How To Tell Startup Investors a Winning Growth Story
Everyone loves a good story. Make sure yours hits all the right notes.
Think about your investor pitch for a minute. Does it tell a compelling and believable story, one in which good ultimately vanquishes evil? Is your hero relatable and your enemy hateable? Does the end of your pitch deserve a standing ovation?
Those questions aren’t as silly as they seem.
From the first slide of your deck to the last, your startup should be the protagonist in a tale of rebellion against an entrenched empire. The antagonist is the problem you’re attempting to solve, with all of its dark-side pain and frustration neatly translated to time and dollars.
The rest of the deck covers your battle plan, your ragtag army, your innovative new weapons, and exactly how you’re going to navigate the trenches to take out the space station by firing a couple of torpedos into a shaft no bigger than two meters.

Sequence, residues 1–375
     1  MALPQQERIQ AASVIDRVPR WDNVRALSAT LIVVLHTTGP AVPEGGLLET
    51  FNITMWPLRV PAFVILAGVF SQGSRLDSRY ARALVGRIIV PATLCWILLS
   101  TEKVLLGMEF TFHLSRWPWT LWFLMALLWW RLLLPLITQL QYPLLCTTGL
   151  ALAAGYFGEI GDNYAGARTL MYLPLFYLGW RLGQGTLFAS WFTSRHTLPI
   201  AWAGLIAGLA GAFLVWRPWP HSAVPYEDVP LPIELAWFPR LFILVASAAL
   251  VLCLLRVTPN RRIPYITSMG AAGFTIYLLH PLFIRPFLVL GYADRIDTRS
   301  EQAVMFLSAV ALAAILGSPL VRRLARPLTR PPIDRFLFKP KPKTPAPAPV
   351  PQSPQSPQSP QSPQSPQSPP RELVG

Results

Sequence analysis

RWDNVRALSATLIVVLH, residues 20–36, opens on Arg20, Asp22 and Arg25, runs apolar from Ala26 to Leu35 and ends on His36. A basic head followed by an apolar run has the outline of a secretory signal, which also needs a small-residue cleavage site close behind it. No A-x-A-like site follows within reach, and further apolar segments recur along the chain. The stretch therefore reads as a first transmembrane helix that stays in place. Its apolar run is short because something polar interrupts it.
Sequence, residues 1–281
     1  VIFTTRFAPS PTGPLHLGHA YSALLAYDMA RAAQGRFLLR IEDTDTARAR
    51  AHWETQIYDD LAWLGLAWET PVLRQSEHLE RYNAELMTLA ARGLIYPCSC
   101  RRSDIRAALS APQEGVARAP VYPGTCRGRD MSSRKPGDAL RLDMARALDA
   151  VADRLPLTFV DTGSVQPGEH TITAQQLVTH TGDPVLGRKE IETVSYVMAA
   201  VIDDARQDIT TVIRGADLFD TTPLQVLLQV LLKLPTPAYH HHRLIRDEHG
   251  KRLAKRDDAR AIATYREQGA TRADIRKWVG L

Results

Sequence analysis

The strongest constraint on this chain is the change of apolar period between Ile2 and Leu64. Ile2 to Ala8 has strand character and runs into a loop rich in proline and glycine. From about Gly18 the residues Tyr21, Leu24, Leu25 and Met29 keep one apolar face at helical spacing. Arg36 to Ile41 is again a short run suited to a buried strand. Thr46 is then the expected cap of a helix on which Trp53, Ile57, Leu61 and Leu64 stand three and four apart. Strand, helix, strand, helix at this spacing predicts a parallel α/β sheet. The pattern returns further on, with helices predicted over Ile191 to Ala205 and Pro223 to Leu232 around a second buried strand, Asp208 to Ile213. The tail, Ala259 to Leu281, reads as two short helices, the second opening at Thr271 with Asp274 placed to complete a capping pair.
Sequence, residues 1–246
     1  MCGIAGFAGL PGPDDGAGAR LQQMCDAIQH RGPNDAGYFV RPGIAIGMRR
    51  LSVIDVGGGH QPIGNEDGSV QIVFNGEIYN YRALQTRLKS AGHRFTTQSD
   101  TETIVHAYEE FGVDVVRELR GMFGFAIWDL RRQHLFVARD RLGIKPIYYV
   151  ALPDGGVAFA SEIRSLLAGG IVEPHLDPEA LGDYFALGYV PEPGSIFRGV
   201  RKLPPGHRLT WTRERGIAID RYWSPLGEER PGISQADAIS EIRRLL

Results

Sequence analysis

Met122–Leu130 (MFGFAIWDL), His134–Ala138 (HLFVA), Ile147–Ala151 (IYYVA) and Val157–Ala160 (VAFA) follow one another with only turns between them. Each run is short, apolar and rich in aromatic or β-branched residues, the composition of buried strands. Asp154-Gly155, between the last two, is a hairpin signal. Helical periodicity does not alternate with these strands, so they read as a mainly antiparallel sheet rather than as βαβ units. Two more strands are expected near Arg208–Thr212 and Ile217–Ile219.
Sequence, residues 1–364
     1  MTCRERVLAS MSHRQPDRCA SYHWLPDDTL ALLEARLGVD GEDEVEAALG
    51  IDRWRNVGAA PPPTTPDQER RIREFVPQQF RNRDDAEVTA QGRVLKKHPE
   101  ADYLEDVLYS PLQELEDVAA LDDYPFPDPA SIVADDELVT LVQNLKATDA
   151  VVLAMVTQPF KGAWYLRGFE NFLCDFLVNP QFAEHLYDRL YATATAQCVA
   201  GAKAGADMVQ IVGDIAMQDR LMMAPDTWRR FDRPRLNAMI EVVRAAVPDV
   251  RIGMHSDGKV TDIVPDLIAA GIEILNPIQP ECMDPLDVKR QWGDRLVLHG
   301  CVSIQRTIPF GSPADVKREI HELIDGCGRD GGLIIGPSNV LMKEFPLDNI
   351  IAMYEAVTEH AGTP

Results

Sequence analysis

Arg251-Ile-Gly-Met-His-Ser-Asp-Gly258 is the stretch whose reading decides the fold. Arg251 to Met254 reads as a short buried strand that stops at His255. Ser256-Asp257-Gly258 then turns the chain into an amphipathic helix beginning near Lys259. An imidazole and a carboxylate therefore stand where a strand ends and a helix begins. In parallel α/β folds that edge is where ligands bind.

Here’s the thing: While a story-driven startup is a recent trend that aims to push all the right psychological investor buttons, unlike some of the more iconic stories we’re all familiar with, you can’t just hide the science and the data behind futuristic terms and emotional twists.
Even when you can tell an Oscar-worthy growth story to investors, you need the calculus to explain exactly how a couple of magic, glowing rocks will find an unprotected target that can cause a chain reaction that destroys a planet-sized fortress.
In other words, you have to explain, in detail, exactly how the Force works.
This is because a good story means success in the market, while good calculus proves your theorem. For your business model and your pitch to succeed, you need to nail both.
Let’s talk about how to do that.
But first: A word about the connection-driven pitch
It is no secret that whether your pitch is story-driven or calculus-driven, the easiest way to land an investor is either through an existing relationship or by springboarding off of a prior success.